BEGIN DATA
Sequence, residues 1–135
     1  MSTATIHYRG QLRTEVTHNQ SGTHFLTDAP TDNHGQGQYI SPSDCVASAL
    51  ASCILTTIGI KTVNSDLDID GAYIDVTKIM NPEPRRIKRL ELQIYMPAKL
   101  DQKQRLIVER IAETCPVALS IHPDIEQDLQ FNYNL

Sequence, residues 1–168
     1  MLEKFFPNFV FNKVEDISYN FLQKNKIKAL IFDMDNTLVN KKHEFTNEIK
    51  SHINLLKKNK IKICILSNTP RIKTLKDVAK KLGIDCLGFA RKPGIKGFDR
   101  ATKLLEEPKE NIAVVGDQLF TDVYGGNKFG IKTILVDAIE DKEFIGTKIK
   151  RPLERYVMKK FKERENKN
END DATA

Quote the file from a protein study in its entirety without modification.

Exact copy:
Sequence, residues 1–135
     1  MSTATIHYRG QLRTEVTHNQ SGTHFLTDAP TDNHGQGQYI SPSDCVASAL
    51  ASCILTTIGI KTVNSDLDID GAYIDVTKIM NPEPRRIKRL ELQIYMPAKL
   101  DQKQRLIVER IAETCPVALS IHPDIEQDLQ FNYNL

Sequence, residues 1–168
     1  MLEKFFPNFV FNKVEDISYN FLQKNKIKAL IFDMDNTLVN KKHEFTNEIK
    51  SHINLLKKNK IKICILSNTP RIKTLKDVAK KLGIDCLGFA RKPGIKGFDR
   101  ATKLLEEPKE NIAVVGDQLF TDVYGGNKFG IKTILVDAIE DKEFIGTKIK
   151  RPLERYVMKK FKERENKN